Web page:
The glenoid labrum is a ring of thick tissue surrounding the bony cup of the shoulder. It is susceptible to injury with trauma to the shoulder joint. A labral tear occurs when there is damage to any area of the labrum, often a direct injury to the shoulder. Athletes are especially susceptible to labral tears. Workers who perform repetitive actions overhead are also at greater risk. The labrum may also become more brittle and fray as part of the aging process.
Symptoms of Labral Tear
- Dull throbbing ache in the shoulder joint
- Sharp popping or catching of the shoulder with movement
- Difficulty sleeping due to shoulder pain
- Pain with specific activities
- Shoulder instability
Labral tears are often difficult to see. An MRI is often used to diagnose a labral tear as magnetic waves show tendons, ligaments and bones in the shoulder area. Because MRI and CT diagnosis is also challenging, your doctor may use and arthroscope to confirm a labral tear. The tiny camera will be inserted into a small incision in the shoulder so the surgeon can see any tear to the labrum.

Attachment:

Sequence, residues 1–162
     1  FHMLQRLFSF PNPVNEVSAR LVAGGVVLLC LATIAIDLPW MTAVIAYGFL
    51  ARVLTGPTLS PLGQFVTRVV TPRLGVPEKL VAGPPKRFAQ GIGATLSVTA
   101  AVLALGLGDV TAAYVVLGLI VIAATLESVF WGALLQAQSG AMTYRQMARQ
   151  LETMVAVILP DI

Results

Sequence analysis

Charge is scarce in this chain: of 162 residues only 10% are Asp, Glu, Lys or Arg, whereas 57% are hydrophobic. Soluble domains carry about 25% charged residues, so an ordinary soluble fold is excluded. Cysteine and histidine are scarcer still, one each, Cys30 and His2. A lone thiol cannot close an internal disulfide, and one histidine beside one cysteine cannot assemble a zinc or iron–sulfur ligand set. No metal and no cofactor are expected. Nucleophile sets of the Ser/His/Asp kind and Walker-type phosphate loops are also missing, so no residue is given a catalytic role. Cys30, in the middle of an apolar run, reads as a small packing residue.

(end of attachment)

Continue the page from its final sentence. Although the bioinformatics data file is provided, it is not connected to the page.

Treatment options for labral tears include a physical therapy program, pain control, anti-inflammatory medication and surgery. Surgical repair of a torn labrum typically yields the best results. Open procedures are rarely used, with most surgeons opting for refined arthroscopic techniques. Post-operative therapy is also needed to maximize range of motion.
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Jimmy Conway Introduction